One of the many things I love about Chicago is that admission to the Lincoln Park Zoo costs absolutely nothing. Of course, donations are welcome, but it is one of only a handful of free zoos in the entire United States. In fact, I went there just the weekend before last. There are so many creatures to see and observe, all beautiful and unique in their own ways. After making a beeline for the penguins (my favorites), I usually walk the short distance to the Kovler Lion House to see the big cats. Though the Lincoln Park Zoo doesn’t have any cougars, I’ve always been fascinated by large felines. Their combination of power, balance, ferocity, elegance, and grace has always intrigued me. In my mind, the very first Mercury Cougar embodies all of these qualities, in one way or another.
In terms of styling, the first Cougar was peak Cougar. That’s not to say this nameplate was a one-hit wonder, and there were certainly other attractive Cougars that followed, but to my eyes, its first two model years were the high-water mark. It’s just such a graceful, well-balanced design – especially in profile. The horizontal character line along the lower body accentuates this car’s 190.3″ overall length to great effect. Combined with the arches over the wheel wells, the “shoulders” on the rear quarter panels, and the pleasingly chunky C-pillars, it is still a very clean, handsome-looking car. From the front, its face with its vertical “whiskers” and hidden headlamps are the very picture of a predatory snarl. Its tail, with its vertically-ribbed, sequential taillights, mirror and perfectly complement the look of the front, in a stroke of artistic brilliance.
This cat also had power to spare. The GT package included a four-barrel, 390 V8 with 320 hp (gross). Weighing about 3,400 pounds, it had reasonably quick acceleration, especially with the optional four-speed manual. Cougar GTs accounted for about 7,400 out of about 151,000 total Cougars that year, which was roughly 5%. (By contrast, 27,000 XR-7s were sold.) The standard Cougar, weighing about four-hundred pounds less than the GT, was no slouch, either, for the times, with its 200-horse, two-barrel 289 V8. The idea of an upscale ponycar probably appealed to many who considered a Mustang or Camaro a bit too “youthful” for their tastes. Being in my forties, a new car like the original Cougar would appeal to me now.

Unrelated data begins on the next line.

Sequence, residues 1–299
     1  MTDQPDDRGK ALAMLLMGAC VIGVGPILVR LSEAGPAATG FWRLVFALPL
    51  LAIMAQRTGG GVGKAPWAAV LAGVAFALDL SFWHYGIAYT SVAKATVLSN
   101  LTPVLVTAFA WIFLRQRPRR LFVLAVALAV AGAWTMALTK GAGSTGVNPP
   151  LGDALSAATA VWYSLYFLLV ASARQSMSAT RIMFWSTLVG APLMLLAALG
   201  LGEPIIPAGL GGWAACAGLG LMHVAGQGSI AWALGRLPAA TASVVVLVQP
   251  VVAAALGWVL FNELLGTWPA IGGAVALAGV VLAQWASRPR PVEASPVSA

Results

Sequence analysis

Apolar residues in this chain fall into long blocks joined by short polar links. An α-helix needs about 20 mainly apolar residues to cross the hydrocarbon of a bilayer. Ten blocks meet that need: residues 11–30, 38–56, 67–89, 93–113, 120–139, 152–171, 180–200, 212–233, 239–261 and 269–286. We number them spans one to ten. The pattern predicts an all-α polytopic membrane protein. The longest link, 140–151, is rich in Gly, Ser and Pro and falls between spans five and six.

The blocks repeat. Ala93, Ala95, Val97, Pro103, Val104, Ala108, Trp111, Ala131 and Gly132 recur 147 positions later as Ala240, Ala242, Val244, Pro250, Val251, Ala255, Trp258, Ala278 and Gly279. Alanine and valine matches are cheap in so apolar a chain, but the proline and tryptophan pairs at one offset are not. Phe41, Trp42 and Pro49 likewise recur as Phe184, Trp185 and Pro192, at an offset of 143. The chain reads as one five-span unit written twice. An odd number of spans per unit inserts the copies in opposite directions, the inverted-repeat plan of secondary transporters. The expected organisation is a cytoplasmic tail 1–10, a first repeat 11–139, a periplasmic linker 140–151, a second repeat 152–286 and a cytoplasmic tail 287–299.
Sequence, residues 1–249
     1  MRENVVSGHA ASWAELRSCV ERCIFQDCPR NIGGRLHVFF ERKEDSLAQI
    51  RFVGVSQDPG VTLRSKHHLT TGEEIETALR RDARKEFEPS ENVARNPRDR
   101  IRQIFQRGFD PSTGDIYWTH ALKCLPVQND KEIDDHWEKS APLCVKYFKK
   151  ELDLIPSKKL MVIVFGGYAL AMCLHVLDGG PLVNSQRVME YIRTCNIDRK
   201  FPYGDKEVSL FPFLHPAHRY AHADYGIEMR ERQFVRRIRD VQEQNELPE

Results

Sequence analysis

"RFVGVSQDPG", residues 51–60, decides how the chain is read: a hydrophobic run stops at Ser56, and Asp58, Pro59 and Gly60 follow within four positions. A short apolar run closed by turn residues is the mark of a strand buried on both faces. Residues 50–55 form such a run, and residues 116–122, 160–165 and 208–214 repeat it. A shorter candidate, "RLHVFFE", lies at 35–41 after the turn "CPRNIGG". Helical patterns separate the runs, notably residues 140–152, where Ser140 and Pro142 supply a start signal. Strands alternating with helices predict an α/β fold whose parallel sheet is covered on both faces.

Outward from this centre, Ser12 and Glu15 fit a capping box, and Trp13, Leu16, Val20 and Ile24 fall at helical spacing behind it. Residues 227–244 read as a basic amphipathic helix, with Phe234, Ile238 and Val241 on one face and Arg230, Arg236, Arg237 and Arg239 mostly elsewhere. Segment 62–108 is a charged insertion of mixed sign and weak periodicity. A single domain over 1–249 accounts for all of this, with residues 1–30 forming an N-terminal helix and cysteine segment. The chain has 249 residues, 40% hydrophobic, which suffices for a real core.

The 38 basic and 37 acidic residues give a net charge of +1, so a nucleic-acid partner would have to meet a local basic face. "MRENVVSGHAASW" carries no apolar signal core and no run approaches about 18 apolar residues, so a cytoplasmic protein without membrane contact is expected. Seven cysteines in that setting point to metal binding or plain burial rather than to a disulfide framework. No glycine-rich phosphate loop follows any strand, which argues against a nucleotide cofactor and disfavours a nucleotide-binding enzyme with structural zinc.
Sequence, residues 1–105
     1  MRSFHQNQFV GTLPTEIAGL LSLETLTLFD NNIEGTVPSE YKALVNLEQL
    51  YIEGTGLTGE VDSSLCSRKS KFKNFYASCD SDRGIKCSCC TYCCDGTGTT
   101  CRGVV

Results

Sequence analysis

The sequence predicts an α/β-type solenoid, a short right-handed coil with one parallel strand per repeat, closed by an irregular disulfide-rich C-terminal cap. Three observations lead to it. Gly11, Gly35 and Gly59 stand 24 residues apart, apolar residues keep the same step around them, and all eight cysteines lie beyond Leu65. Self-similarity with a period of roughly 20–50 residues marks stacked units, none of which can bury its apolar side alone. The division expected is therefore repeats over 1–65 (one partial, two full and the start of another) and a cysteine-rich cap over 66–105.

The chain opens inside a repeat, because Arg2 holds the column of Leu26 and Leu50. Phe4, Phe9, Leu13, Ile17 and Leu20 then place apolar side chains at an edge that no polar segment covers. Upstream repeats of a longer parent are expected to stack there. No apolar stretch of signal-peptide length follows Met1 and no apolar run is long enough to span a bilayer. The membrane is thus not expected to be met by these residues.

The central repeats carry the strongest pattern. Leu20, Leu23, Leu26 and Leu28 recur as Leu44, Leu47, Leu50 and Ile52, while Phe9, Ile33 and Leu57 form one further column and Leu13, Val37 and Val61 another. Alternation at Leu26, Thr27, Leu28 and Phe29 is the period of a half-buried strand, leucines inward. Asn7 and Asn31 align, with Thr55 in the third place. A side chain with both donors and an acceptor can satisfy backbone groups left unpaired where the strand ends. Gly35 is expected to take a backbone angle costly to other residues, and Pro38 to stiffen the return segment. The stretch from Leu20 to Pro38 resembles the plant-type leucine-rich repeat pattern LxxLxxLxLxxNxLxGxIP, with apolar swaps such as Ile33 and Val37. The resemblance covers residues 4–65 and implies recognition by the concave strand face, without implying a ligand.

I had spotted our featured car this past May on the Saturday morning of the three-day, Memorial Day weekend. I was headed out of town and running an errand to buy a gift for friends, when I saw this candy blue, ’67 Cougar GT being gassed up. My rental car already had a full tank, but with my Canon in the footwell of the back seat, I wasn’t going to pass up an opportunity to photograph one of my favorite cars of the late ’60s from one of its best model years. Its owner was a nice gentleman who allowed me more than a few pictures, but he seemed a little like he was in a hurry, so I didn’t press him for even a brief interview of any kind. Suffice it to say, just getting these few snaps of this beautiful cat was a real treat… and just enough to tide me over until my next jaunt to the zoo.
Wrigleyville, Chicago, Illinois.
Saturday, May 27, 2017.
- From Paul N. :Curbside Classic: 1968 Mercury Cougar – Mercury’s Greatest (Only?) Hit; and
- From Tom K.: Curbside Classic: 1969 Mercury Cougar – Premium Ponycar.